Rethinking the AMS Counting Statistics Theory to Include Overdispersion: Evidence of Non-Poisson distribution in the Radiocarbon Data
Dr Gary Salazar1,2, Prof. Soenke Szidat1,2
1University Of Bern, Dept. of Chemistry, Biochemistry and Pharmaceutical Sciences, LARA Laboratory, Bern Bern, Switzerland , Bern, Switzerland, 2University of Bern, Oeschger Center for Climate Change Research, Bern, Switzerland
The Poisson distribution is the most fundamental principle for the counting statistics of Radiocarbon and other rare isotopes using AMS. It has been the golden standard for estimating the variance of the measurement for every single Radiocarbon publication. AMS Radiocarbon inherited this uncertainty estimation from radioactivity-decay counting methods. Nevertheless, as far as we know, the Poisson hypothesis has actually never been tested. If the Poisson model is true then the standard deviation of the whole population of AMS counts per cycle should be the root square of the mean counts per cycle (μ) as: σ pois = √μ.
In this work, we applied non-Poisson counting statistics models that account for overdispersion (σ counts > √μ) to our historical data from the analysis of samples and standards. These models were the quasipoisson, and the negative binomial I and II; and their standard deviation of the counts is defined as σ = D√μ where D is the dispersion parameter. The counts per cycle were queried from our database for each cycle of every pass. The query and analysis was done automatically using a script written in the R language. The statistics models were fitted with Generalized Linear Model packages of the R program. The counts were corrected for systematic drift or random current jumps from one pass to the other. The correction was done by multiplying the counts of each cycle by the global current mean divided by the mean current of the respective pass.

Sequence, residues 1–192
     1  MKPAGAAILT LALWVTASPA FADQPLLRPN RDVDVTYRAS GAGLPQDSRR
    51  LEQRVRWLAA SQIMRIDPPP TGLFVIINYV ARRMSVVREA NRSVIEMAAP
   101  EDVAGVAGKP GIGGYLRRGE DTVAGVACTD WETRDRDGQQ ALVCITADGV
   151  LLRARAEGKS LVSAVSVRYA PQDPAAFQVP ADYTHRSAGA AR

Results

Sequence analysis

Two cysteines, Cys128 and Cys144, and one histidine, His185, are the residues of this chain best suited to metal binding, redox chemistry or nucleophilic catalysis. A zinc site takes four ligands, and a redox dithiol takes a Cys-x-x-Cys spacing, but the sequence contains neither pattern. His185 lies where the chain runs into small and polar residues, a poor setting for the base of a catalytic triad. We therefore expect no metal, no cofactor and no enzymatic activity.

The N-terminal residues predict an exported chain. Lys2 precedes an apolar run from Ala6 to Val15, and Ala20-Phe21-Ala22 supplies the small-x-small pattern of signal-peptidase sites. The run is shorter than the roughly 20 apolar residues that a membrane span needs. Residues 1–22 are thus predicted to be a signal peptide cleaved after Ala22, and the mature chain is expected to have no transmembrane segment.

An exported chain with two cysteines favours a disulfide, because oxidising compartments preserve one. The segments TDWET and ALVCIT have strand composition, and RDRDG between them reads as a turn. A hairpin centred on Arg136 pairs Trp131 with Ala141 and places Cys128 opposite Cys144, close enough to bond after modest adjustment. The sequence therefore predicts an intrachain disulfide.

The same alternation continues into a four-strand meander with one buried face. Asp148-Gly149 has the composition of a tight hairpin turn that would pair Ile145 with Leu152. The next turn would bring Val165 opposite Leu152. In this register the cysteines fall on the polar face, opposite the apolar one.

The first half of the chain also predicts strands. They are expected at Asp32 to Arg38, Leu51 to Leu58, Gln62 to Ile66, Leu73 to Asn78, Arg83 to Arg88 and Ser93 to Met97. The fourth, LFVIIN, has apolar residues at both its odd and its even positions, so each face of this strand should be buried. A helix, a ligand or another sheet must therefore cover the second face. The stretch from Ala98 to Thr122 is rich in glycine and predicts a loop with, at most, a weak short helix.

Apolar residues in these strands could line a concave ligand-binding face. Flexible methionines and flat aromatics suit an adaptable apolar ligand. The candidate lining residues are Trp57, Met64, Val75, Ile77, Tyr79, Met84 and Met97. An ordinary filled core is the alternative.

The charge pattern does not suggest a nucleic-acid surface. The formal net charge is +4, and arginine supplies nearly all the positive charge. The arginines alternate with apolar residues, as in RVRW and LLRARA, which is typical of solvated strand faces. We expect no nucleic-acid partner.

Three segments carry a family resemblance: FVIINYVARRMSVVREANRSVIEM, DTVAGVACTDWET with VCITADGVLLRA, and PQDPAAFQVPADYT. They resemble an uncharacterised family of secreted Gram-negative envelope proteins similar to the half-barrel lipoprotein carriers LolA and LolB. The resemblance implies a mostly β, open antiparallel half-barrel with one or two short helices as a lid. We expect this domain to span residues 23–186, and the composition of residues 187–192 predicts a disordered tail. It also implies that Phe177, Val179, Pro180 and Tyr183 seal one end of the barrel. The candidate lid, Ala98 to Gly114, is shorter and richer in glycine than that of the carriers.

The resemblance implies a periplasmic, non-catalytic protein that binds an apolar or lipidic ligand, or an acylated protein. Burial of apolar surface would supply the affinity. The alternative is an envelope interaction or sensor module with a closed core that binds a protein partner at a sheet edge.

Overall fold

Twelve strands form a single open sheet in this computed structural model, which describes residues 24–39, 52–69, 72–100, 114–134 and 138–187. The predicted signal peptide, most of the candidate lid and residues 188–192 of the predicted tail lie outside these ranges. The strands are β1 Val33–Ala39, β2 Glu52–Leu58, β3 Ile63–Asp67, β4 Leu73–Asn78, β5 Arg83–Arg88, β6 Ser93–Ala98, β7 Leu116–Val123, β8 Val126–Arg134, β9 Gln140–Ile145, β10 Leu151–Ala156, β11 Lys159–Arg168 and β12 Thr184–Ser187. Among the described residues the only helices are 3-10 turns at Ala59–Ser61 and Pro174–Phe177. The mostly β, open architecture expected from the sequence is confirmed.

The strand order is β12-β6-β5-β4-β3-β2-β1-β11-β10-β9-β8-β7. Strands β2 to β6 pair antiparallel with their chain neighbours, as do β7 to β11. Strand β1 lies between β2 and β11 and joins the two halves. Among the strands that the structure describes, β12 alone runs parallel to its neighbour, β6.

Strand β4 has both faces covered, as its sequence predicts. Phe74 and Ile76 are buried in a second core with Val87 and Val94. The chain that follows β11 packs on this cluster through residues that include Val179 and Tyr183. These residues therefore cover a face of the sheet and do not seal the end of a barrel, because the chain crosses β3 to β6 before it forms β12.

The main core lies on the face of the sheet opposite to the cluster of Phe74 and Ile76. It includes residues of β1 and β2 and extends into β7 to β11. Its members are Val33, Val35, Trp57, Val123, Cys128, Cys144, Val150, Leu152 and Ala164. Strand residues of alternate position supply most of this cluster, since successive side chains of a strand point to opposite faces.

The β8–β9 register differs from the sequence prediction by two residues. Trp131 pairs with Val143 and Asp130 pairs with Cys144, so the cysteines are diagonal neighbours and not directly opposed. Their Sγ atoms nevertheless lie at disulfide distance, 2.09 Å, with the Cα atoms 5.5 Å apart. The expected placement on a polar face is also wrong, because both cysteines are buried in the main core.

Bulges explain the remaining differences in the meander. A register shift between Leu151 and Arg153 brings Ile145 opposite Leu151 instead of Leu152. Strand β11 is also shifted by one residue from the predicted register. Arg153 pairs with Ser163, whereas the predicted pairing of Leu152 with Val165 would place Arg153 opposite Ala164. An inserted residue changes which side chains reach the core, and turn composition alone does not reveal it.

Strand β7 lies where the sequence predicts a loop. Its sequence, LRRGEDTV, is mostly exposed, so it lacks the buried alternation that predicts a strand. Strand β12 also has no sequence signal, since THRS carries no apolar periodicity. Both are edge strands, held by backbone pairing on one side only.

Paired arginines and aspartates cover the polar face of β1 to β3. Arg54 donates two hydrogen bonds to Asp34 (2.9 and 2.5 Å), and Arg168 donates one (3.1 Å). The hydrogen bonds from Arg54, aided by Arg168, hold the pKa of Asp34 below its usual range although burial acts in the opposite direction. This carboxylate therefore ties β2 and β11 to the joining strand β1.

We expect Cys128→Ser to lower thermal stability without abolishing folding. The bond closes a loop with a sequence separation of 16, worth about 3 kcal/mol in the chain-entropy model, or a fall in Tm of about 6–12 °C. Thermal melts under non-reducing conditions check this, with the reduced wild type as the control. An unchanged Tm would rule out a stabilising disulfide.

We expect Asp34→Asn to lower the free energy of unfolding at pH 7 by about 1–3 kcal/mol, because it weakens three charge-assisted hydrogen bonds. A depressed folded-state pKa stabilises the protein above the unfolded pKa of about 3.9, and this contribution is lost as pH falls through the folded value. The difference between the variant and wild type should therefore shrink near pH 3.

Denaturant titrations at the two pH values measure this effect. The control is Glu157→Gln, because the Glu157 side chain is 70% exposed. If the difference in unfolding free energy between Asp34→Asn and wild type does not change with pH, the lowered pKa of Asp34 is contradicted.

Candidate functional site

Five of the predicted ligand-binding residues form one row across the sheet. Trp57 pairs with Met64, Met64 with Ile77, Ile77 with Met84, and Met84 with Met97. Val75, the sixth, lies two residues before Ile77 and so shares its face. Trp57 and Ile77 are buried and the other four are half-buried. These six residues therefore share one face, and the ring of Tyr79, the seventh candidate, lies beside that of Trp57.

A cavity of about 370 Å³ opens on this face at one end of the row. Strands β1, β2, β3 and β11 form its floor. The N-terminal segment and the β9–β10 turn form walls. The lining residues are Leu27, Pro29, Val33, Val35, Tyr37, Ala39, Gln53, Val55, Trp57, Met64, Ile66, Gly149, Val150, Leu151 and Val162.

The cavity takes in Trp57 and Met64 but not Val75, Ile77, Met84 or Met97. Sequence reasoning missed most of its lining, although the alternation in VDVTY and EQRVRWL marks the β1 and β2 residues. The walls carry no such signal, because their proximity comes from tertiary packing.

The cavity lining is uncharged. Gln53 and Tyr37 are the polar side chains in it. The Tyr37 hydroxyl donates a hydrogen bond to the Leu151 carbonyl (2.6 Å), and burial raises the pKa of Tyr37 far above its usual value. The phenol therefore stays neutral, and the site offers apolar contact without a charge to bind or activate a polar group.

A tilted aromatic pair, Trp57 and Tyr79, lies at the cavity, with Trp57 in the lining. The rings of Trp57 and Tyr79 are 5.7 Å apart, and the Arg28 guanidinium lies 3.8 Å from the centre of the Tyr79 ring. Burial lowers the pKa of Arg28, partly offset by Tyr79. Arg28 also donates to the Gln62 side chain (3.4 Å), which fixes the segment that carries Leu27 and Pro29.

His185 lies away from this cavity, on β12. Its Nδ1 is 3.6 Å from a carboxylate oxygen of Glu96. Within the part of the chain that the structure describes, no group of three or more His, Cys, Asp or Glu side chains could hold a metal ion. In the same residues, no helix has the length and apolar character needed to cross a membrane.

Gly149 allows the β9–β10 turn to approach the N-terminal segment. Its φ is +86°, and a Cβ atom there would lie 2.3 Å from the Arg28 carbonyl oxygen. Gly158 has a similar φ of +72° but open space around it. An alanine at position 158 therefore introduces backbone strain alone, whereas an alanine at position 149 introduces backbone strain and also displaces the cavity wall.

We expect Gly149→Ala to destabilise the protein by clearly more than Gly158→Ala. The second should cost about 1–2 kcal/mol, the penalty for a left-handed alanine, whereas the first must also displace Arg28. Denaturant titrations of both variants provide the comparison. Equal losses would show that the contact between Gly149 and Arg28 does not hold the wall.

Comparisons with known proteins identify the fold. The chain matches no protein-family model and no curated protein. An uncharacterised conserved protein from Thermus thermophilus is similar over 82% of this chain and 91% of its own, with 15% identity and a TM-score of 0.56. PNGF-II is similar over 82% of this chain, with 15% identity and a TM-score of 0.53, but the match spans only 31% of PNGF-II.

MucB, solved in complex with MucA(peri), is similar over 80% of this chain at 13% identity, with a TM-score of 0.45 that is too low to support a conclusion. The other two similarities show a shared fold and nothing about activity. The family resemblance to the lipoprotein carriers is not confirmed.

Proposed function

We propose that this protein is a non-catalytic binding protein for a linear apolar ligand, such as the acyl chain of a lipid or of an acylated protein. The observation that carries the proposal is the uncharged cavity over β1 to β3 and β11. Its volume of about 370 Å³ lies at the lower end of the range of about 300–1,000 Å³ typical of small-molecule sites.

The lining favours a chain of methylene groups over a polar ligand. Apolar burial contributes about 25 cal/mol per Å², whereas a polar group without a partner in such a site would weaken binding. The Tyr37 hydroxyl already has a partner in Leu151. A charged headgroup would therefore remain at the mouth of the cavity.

We discovered that, even though the correction for systematic effects, only a small fraction of our data (15%) presented Poisson-like distributions with D value of 1.0-1.1. The rest of the data presented D values of 1.1 to 3.0. Most of the standards that presented Poisson distribution were blanks. Monte Carlo simulations showed that the reason of the non-Poisson behavior was, in part, due to the scatter of the beam current within a pass. When the current oscillates or it is noisy, then the mean C14 counts is rather non-stationary. The Monte Carlo results were in agreement with the real data. The expanded counting statistics relative error was calculated as σ counts,rel=D/√Nt where Nt is the total counts. This allowed us to calculate an expanded quoted error. We also calculated the conventional quoted error using the Poisson relative counting error. The χ2 was calculated as the square of the ratio of the relative standard error of the passes ratios divided by the Poisson relative error. The average χ2 for all the standards and samples for a span of 1 year was 1.2±0.3.
Our average χ2 is quite acceptable; therefore, we think that it is not possible that all our data is somehow misleading. Rather, we conclude that the sputtering of the target causes the beam current to oscillate, to scatter and to become noisy. This makes the mean of the C14 counts to drift and to oscillate, thus many samples present non-Poisson distributions. Probably the same happens to other AMS instruments.
Gary Salazar studied his Ph.D. in Japan in the field of Mass Spectrometry. Later, he was a postdoctoral fellow at Purdue University with Prof. Graham Cooks. He entered the field of AMS under a postdoc position at Lawrence Livermore National Lab. Finally, he started a Sr. Scientist position at LARA laboratory at the University of Bern.